Year 2 have started learning about the 7 continents in the world. We practiced locating these on our balloon “globes.” To help us do this, we first added the equator around the middle of the balloons to use as a reference point. A few balloons may have popped but the children all had fun learning about the geography of the world in a hands on way!
This morning, Year 5 and Year 6 took part in a Santa Dash which is a themed orienteering session. It involved using a map and solving clues. Everyone enjoyed taking part. Thank you to the Sports Leaders who organised the event.
Last week, Year 5 developed their orienteering skills by completing a new orienteering course. They worked hard to follow the map and solve the clues.
Year three ended our geography volcanoes topic with a BANG! We concluded our learning about volcanoes in geography by creating our own chemical reactions to mimic the eruption process. The children acted like real scientists, taking accurate measurements using syringes and measuring cups and they even had safety goggles to protect themselves! The children had lots of fun during this activity but also we tried to link this to what happens in a real eruption.
We know that sudden movement at the tectonic plates causes pressure to build under ground until the magma erupts through a crack in the earth’s crust in an eruption. The lava then cools solidifies into molten rock in cone-shaped layers. After each eruption, there is a new layer of solidified rock, forming a volcano.
Children at St.Alban’s have ditched their cars this week, instead choosing to walk/cycle/jog to school! Not only is this better for the environment but also brilliant for both our physical and mental health. Well done to house Jericho for organising the week and thank you to all children who took part.
Here are some pictures taken from some students’ journeys to school….
On Monday, Year 5 visited Wickersley Wood. We used compasses to find directions to move around the cleared area.
We can now use the eight points of a compass (N, NE, E, SE, S, SW, W, NW) to find the points in between. (NNE etc) We have also developed rhymes to help us remember the four points. I know that my rhyme begins with Never, Ever,… although I sometimes use Never Eat Shredded Wheat to make sure I say North, East, South, West in a clockwise direction.
In school, we have used Digimap tools to find the area of the Wood and the distance tool to find the distance of our walk.
We now recognise many of the symbols on the map below.
Which symbols can you recognise? Why not use the key to help?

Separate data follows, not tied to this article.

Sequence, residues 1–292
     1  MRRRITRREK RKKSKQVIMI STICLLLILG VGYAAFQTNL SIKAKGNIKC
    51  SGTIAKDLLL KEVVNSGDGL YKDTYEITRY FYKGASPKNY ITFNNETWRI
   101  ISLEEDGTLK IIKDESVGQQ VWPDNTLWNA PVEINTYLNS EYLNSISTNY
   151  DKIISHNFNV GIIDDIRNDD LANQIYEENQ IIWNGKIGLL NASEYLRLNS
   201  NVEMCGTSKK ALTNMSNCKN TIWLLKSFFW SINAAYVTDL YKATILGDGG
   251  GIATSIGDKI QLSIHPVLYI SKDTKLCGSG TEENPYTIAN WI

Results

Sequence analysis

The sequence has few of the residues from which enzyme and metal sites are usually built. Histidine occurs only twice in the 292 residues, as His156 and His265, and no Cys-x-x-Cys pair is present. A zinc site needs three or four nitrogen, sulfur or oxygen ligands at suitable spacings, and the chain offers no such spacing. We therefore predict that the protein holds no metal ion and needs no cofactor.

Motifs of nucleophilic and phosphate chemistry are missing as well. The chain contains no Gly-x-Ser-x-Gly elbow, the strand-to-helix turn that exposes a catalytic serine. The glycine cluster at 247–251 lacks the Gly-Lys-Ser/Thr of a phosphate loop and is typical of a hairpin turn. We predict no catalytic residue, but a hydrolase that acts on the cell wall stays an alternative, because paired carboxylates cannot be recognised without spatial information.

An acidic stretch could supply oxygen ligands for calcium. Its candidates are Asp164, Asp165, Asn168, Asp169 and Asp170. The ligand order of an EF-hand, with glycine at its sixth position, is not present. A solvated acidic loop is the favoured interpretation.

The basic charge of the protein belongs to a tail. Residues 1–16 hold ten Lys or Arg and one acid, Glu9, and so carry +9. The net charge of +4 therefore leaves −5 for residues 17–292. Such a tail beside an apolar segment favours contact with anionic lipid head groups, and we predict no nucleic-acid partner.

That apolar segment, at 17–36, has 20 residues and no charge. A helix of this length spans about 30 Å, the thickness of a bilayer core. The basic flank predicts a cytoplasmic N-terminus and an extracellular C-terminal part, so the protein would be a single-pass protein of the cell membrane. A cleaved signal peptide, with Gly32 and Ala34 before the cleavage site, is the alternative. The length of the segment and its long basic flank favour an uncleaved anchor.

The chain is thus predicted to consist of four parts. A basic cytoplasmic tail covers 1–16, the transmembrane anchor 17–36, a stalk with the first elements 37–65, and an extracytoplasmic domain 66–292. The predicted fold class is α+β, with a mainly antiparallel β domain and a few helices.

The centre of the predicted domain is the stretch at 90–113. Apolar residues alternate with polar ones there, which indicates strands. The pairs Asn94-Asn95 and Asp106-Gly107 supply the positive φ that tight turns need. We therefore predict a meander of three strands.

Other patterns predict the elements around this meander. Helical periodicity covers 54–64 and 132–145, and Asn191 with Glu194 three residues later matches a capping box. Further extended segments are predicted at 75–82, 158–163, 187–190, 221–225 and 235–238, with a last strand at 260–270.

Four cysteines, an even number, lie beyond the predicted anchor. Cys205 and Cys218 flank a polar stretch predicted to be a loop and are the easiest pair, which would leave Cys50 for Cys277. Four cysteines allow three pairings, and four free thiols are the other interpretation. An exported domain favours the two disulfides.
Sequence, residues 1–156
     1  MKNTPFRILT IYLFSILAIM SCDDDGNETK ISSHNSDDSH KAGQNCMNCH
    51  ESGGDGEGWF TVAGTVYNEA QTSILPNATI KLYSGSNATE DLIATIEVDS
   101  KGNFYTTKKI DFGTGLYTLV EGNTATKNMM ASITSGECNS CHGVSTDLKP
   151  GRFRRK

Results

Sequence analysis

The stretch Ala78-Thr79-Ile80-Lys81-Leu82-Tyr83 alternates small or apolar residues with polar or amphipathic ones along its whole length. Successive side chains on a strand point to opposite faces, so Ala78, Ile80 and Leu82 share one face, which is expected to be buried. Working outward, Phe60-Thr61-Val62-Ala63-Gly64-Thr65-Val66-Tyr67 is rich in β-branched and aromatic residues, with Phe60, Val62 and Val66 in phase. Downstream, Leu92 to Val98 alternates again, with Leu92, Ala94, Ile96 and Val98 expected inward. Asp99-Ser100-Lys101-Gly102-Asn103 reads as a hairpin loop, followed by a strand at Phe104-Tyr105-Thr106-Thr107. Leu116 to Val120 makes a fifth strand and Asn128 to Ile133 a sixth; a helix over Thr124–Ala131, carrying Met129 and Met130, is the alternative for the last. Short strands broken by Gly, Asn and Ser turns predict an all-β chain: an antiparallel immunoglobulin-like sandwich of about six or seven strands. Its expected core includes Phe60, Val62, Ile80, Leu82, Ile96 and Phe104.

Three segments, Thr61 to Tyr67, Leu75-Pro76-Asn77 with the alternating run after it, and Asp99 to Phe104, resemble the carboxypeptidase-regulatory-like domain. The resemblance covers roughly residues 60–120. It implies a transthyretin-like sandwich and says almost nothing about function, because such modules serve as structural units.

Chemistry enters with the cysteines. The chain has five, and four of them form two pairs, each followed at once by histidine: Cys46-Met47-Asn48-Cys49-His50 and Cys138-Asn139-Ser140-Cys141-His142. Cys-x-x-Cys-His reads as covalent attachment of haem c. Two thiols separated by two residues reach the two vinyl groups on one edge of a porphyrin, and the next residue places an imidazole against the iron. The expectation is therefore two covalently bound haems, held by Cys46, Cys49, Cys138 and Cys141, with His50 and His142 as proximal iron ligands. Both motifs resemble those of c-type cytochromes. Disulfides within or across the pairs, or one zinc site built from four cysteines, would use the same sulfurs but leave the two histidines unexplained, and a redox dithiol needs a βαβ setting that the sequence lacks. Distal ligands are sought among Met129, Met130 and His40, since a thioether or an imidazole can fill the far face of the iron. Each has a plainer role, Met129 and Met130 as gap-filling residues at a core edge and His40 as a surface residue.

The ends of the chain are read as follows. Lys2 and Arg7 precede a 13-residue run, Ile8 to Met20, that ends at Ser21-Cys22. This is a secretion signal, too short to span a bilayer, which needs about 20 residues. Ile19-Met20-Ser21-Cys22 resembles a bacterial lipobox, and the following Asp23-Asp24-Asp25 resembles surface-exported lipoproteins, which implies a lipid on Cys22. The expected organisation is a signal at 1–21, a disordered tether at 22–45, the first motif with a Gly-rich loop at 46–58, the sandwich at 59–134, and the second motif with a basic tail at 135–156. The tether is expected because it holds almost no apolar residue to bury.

Today, we have found a little part of history within our school grounds!
This datestone was originally from the National school in Wickersley, which opened in 1855. The National School was located where the doctors is now.
We have been looking at old photographs, maps and reports to find out about life in the National school and how it compares with our school today.
We found out that life in the National School was very different. Attendance was really poor and so was the quality of education. Many parents chose to send their children to Whiston school instead! The school was overcrowded and did not even have running water.
This week in school is local history week. Year 3’s focus this week is looking at schools in Wickersley over the years.
Yesterday, we went on a short walk around the village. We plotted our route on maps of the area and jotted down any human/physical features that we saw.
Our walk included a stop off at the old Dame school. The story goes that the larger door was for the teacher and the smaller door for the children. When a child was too tall to enter through the small door, standing upright, then they were deemed ‘big enough’ for work.
We discussed whether we thought this was fair or not and thought about how schooling has changed in Wickersley.
Even the shortest children in Year 3 are too tall to pass through the small door. So parents, feel free to make your children work at home!
In geography, Year 3 have been learning the main cardinal points. We applied our knew knowledge by using compass directions to locate features on a variety of different maps. Finally, we practised using real compasses outside. Children had to follow written instructions using compass directions.